• 19 Aug – Hungerford, the shooting spree by Michael Ryan, a thing unfamiliar in Britain at that time. She visited again, there are more letters, some painful to read. One striking feature is what you might call the absence of distance: MT did not simply express grief, she put herself into the position of the people who hid from Ryan as he stalked the streets shooting anyone he found.
  • 15/16 Oct - the Great Storm, which hit southern England especially hard. She wrote movingly to Betty Hussey, owner of Scotney Castle whose trees were badly hit. For many years the Thatchers rented a flat there, which they gave up just before the election and rather missed (DT used to call it ‘home’).
  • The Enniskillen bombing on 8 Nov 1987 – the IRA bombing of a remembrance day ceremony killed 12 and wounded many more. MT attended a second service on 22 Nov, to complete the remembrance. The security necessary was obviously nightmarish for the police, but it was a powerfully symbolic gesture and typical of her.
  • The King’s Cross fire on 18 Nov 1987 killed 31 and left many with terrible burns. It took 16 years to identify the last victim. MT visited the scene three days before her trip to Enniskillen.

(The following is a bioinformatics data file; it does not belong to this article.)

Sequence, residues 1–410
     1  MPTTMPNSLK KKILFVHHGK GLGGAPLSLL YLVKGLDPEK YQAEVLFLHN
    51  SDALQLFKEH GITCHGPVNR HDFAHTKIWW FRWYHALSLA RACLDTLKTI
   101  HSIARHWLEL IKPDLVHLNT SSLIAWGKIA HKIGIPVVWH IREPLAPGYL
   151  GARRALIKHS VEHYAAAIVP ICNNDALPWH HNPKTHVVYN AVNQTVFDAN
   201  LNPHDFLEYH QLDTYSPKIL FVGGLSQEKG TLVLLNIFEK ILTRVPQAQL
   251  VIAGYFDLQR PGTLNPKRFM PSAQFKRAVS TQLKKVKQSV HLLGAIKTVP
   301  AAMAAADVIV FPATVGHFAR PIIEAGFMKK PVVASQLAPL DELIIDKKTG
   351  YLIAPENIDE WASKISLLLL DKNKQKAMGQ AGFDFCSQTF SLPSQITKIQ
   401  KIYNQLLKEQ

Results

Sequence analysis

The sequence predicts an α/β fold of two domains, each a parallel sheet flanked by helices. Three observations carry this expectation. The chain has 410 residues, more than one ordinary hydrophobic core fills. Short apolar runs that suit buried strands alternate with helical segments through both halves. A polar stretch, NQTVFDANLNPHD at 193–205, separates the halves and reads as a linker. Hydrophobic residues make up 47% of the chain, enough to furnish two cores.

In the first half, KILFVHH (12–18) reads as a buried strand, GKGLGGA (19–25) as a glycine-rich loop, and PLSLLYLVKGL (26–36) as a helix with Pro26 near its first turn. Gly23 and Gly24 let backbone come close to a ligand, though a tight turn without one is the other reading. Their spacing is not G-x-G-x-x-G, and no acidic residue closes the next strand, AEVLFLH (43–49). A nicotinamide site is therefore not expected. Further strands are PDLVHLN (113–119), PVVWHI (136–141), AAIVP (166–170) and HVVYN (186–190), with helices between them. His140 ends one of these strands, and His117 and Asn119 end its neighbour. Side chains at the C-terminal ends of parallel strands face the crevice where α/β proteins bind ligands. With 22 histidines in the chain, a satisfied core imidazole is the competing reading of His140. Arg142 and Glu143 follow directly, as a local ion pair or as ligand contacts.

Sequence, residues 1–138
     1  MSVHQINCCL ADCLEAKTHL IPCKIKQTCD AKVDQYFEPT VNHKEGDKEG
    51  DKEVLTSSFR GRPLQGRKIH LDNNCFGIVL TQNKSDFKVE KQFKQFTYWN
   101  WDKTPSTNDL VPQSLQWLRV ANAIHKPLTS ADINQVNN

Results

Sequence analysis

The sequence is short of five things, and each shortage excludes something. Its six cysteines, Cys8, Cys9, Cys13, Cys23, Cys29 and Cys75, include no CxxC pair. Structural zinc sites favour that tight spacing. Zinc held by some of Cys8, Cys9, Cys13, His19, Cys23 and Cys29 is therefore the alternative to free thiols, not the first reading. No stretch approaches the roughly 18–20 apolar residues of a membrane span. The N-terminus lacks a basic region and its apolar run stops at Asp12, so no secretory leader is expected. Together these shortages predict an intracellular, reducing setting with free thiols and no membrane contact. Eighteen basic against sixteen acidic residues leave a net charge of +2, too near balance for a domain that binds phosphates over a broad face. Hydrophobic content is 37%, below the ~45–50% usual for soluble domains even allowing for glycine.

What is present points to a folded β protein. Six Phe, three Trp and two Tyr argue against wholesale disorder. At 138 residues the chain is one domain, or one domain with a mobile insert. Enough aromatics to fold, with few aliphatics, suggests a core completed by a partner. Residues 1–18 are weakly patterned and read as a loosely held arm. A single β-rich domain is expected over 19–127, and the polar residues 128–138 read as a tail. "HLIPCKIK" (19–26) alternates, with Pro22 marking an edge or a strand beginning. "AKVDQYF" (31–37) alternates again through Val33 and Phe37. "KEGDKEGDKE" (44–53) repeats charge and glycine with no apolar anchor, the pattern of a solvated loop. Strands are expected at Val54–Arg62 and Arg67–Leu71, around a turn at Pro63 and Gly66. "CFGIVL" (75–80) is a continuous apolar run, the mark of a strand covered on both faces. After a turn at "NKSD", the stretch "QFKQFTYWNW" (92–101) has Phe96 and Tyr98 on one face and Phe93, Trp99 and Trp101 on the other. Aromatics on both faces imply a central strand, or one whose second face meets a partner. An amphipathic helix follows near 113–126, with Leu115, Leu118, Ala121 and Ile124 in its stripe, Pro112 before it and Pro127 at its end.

One other small thing made the autumn harder still. Attending the annual royal reception for the Diplomatic Corps at Buckingham Palace on 24 Nov, which was very hot, MT felt faint. She left 20 minutes early and went to bed a little earlier than usual too. The story got into the press in a diary item on 28 Nov and instantly unhelpful health rumours started. In fact MT was always prone to fainting and there seems to have been no health problem at all, but a curious tale surfaced a few years ago in a royal biography, credited to a royal present. MT is supposed to have fainted at her first meeting with the Queen many years before, and the story goes that the Queen on this occasion, in 1987, seeing her unwell swept past commenting: “Oh look, she’s keeled over again” (Robert Hardman, Our Queen (2011) – offered without vouching in any way for it).


Press Officers since the beginning of time have been on the look out for ways to soften the hard edges of power. Egyptian Pharaohs would probably have made encouraging visits to half completed pyramids and chatted in a friendly style to slave labour – at least, if No.10 had had anything to do with it. It was trivialising, of course, but the media game had to be played. MT accepted the business with good grace, most of the time at least.

The files are full of contrived softening touches as the election came into view, generated by an ever more intensive diary-making operation.